Health

Drug Report FInds Meth Still A Problem In Oregon

OPB | Sept. 18, 2007 9:42 a.m. | Updated: July 17, 2012 1:19 a.m. | Portland, OR

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By Colin Fogarty

A coalition of anti-drug groups released  report Tuesday on drug use in the Portland Metro area.  The assembly of statistics is known as the Portland Profile, but it also includes data on drug use throughout Oregon.

As Colin Fogarty reports, the statistics do not show a drop in use of the one drug that’s gotten the most attention from policy makers in the last few years — methamphetamine.


In 2005, Oregon passed the strictest limits in the nation on the ingredients of meth. Oregon was the first state to require a prescription to get the cold-remedy psuedoephedrine.

That state law was followed by a federal law in 2006 aimed at curbing meth across the nation. The result is well known among police agencies.

Judy Cushing: “Meth labs have disappeared almost altogether, actually zero meth labs in the last couple of months.”

Judy Cushing heads the Oregon Partnership, an anti-drug group that helped write the Portland Profile.  She says even with progress on local meth labs, the drug is still getting into Oregon.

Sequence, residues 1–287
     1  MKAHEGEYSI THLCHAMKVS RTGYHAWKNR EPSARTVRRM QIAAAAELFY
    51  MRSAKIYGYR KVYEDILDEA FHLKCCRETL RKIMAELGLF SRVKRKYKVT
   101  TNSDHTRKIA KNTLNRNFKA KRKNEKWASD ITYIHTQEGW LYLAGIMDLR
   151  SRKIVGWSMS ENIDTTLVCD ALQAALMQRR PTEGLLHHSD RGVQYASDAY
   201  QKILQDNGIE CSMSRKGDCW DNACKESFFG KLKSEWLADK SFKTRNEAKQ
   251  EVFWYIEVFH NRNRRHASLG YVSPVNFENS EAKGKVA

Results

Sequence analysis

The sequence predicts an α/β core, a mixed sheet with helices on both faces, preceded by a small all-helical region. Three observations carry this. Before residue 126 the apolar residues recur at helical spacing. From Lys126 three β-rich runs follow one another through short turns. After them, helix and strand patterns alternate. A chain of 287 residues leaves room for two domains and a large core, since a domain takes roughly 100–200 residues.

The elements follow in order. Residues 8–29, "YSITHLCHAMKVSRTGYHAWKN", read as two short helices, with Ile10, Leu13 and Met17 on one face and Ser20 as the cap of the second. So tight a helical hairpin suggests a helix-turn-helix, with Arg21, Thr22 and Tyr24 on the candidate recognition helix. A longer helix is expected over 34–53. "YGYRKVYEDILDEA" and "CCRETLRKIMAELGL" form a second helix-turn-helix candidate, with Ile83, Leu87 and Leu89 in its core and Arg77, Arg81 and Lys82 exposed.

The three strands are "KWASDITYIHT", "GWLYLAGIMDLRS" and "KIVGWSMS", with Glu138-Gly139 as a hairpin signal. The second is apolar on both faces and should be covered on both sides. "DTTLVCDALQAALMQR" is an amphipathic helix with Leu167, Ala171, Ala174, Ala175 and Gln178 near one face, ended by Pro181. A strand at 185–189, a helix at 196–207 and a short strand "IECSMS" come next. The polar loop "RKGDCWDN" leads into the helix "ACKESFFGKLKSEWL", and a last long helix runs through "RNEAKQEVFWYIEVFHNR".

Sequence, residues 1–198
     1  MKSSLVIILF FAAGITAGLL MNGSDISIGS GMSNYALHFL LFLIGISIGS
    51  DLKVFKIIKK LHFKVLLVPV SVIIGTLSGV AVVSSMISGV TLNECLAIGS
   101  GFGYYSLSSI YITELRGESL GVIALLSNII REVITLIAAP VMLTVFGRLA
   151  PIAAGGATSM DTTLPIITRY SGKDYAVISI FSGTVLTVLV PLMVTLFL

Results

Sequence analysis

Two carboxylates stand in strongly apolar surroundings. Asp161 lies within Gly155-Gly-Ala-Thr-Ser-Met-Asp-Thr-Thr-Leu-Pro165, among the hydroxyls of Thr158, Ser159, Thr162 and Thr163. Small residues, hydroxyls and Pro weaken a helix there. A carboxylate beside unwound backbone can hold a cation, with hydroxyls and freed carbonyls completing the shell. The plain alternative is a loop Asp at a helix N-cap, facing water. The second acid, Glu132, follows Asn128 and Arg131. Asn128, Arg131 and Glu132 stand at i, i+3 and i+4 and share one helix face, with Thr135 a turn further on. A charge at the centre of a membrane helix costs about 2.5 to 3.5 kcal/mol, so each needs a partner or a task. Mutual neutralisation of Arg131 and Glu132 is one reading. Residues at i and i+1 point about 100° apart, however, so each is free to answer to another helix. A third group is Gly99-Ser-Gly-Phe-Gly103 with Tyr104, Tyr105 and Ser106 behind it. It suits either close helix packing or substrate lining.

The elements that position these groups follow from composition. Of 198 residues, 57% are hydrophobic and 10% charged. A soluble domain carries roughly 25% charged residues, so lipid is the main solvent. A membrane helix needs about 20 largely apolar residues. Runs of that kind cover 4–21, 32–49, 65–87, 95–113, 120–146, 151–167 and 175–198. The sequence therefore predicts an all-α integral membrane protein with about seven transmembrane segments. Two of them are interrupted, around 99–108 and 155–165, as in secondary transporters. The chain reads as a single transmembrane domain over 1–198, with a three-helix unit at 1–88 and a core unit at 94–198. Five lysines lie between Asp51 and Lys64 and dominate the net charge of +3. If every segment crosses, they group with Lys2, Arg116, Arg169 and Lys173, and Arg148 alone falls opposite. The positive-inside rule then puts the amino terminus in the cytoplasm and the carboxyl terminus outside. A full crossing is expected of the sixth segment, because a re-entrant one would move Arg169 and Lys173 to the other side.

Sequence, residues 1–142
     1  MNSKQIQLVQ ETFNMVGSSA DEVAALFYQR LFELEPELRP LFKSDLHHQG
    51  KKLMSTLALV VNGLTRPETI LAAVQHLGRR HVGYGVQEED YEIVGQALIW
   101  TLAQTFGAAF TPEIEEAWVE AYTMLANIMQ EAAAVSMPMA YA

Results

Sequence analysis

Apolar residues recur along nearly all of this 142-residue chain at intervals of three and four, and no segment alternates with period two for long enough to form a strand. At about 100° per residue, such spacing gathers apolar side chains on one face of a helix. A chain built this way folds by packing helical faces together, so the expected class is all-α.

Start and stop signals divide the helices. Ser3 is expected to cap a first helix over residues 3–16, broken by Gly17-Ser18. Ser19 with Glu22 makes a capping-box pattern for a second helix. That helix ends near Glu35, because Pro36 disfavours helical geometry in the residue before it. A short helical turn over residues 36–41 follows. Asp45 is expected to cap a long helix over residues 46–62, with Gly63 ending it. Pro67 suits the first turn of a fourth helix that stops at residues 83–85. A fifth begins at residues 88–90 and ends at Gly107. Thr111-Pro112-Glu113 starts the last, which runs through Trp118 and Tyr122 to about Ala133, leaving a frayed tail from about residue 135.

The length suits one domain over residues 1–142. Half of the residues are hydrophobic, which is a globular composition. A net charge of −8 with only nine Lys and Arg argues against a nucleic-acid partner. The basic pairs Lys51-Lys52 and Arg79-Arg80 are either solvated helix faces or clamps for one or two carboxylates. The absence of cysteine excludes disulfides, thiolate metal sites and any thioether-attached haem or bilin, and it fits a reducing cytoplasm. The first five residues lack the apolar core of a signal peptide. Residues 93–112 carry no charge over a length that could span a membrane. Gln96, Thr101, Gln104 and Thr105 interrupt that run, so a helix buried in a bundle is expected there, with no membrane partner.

It’s manufactured in what are known as superlabs in California and Mexico.  But Cushing believes federal limits on the key ingredients of meth have had some effect on the street.

Judy Cushing: “We know the purity is going down and the price is going up.  And those are very, very good signs because then you’re meth addiction is eventually going to go down as well.”

But it’s not clear that’s actually happening yet.  In 2006, the number of meth-relelated deaths in Oregon was actually up, surpassing heroin related deaths for the first time.

Sociologist Michael Ponder – who advises the Oregon Partnership on statistics — says its simply too early to see how changes in policy have affected meth use in Oregon and other states.

Michael Ponder: “Anecdotally, we can find individuals by the dozens who report change.  Local groups will say that they see changes in behavior.  But if you’re looking for a comprehensive statewide impact, I don’t think we can say that it’s there.  It takes awhile to turn a battleship.”

The report included a number of statistics on other drugs, including this one: One in five Oregonians ages 18 to 25 say they’ve smoked marijuana.  The rate of Oregonians who smoke pot is higher than the national average.  In fact, more teens report they’ve smoked pot than cigarettes.

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